Fort Calhoun area will be home to OPPD’s first community solar array

By Aaron Sanderford, Omaha World-Herald

The Fort Calhoun area, home to a nuclear power plant that is being shuttered, is poised for another role producing power in eastern Nebraska. The Omaha Public Power District and its private partner, NextEra Energy Resources, chose a city-owned field just east of Fort Calhoun to host OPPD’s first community solar power array. NextEra is building the 35-acre,  5-megawatt solar array there and has contracted to sell OPPD the power it produces for at least 20 years.
Continue here to learn more.

Photo: Lincoln Electric System’s 5-megawatt community solar facility was Nebraska’s first utility-scale solar installation. The solar farm is located on a portion of a 46-acre site near Northwest 75th and Holdrege Streets.

OPPD strikes deal to bring solar power facility to Fort Calhoun

By Casey L. Sill, Washington County Pilot-Tribune & Enterprise

Mary Fisher, vice president of Energy Production and Nuclear Decommissioning, said it’s something OPPD customers have been wanting for some time. “Our customers have really been asking for a solar option,” she said . . . Community solar facilities are built by a third-party operation and run by the utility company. NextEra Energy Resources, LLC, will build this facility. OPPD awarded a 20-year power purchase agreement to a Next Era subsidiary. Once the facility is underway, individual consumers can then buy shares or a “subscription” to the facility. Shareholders would bear the extra cost for the facility, but would also reap the benefits. Read more here.

Photo: Lincoln Electric System’s 5-kilowatt community solar farm,  located on a portion of a 46-acre site near Northwest 75th and Holdrege Streets. See Solar Examples.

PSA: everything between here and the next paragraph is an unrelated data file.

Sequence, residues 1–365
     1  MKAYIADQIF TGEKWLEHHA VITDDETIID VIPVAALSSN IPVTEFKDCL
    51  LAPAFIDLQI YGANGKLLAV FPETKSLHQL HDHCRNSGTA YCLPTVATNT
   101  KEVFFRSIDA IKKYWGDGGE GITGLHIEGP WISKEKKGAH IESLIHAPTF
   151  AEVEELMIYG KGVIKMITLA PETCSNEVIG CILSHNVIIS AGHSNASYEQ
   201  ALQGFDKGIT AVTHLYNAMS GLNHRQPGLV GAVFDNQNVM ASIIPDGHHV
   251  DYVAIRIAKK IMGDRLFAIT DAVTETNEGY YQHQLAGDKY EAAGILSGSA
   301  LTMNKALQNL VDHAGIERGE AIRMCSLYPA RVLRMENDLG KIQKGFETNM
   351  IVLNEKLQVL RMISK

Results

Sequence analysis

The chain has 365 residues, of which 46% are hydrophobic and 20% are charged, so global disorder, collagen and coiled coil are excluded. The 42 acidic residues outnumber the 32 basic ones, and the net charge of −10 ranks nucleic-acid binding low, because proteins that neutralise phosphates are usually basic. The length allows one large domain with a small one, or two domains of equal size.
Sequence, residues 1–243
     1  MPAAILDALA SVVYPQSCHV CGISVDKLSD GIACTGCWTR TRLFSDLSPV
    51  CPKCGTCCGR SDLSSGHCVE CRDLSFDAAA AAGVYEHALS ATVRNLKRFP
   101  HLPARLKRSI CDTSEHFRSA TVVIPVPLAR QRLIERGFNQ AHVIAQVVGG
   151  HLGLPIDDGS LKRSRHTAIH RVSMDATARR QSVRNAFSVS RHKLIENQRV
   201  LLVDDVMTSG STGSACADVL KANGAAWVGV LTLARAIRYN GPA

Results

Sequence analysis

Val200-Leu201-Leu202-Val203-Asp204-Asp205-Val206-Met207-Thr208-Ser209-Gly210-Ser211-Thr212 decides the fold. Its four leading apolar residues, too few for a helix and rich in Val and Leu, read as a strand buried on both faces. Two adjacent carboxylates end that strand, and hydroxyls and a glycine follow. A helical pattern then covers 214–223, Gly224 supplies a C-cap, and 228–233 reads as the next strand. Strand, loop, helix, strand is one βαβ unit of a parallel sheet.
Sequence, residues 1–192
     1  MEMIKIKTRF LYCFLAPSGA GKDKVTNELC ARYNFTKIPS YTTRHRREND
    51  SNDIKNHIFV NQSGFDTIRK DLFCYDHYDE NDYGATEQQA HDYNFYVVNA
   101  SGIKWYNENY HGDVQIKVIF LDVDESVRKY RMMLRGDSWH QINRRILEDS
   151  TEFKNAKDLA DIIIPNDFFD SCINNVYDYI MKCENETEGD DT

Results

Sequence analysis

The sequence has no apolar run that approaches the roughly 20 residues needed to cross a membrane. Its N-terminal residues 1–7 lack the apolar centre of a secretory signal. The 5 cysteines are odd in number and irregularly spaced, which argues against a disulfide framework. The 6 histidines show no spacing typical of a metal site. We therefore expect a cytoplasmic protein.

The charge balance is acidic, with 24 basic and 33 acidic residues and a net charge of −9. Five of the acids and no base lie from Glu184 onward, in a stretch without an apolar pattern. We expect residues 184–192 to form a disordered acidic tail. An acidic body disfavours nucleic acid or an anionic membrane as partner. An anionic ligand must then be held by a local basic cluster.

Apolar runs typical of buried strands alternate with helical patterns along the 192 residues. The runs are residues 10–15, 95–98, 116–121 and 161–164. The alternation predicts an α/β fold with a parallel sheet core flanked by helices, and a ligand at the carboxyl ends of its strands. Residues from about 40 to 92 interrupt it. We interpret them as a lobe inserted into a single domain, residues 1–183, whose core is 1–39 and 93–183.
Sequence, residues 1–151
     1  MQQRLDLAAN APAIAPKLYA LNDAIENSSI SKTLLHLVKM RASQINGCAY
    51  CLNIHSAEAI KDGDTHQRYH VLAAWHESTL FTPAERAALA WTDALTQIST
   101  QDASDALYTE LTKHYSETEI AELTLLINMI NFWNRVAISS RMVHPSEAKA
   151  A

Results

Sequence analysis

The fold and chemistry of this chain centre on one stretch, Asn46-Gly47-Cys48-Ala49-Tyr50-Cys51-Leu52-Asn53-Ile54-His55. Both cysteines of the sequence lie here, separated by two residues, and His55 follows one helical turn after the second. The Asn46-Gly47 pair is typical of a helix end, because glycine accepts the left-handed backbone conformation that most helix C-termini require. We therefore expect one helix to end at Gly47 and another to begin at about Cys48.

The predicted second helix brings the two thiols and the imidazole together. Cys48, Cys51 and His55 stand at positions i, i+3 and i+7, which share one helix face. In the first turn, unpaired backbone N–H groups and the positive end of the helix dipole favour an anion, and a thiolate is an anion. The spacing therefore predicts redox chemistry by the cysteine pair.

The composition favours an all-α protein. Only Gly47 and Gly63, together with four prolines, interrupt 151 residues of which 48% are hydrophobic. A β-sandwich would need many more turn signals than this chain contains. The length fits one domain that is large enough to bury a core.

Let’s Be Clear: Solar Energy Benefits Everyone, by Sean Gallagher, Solar Energy Industries Association Blog

Gallagher focuses on rooftop solar, but the same benefits apply to community and utility-scale solar, as well, several of which are excerpted, below, from the article:

  • Solar on businesses, government buildings and schools, [or aggregated into a community-solar program] can save utilities and consumers money on other distribution infrastructure costs. For example, expensive utility transformers can get overloaded on hot summer days when people are using more energy to cool their homes. Solar can reduce strain on the system on these days, which extends the life of utility equipment and creates savings for everyone.
  • Additional widely-recognized benefits of solar: avoided fuel hedging costs created by volatile fossil fuels like natural gas, avoided electricity losses from power plants that are located far away from cities, and avoiding the need to build new expensive natural gas plants.

OPPD Board Receives Community Solar Update

Omaha Public Power District News Release

Omaha Public Power District’s plans for community solar are moving forward. During their monthly meeting, today, the OPPD Board of Directors received an update on the project. The district awarded a 20-year power purchase agreement (PPA) to a subsidiary of NextEra Energy Resources, LLC, to build a 5-megawatt solar facility near the City of Fort Calhoun. When the community solar program has been finalized, OPPD customers will have an opportunity to purchase shares of the solar energy produced. The utility will be developing the marketing of these solar shares in the next few months, and we will include stakeholder outreach as part of this process. Read the entire release here.

NextEra Wind Projects in Nebraska

More Nebraska Community Solar News
City gives public look at solar farm, power plant, Fremont Tribune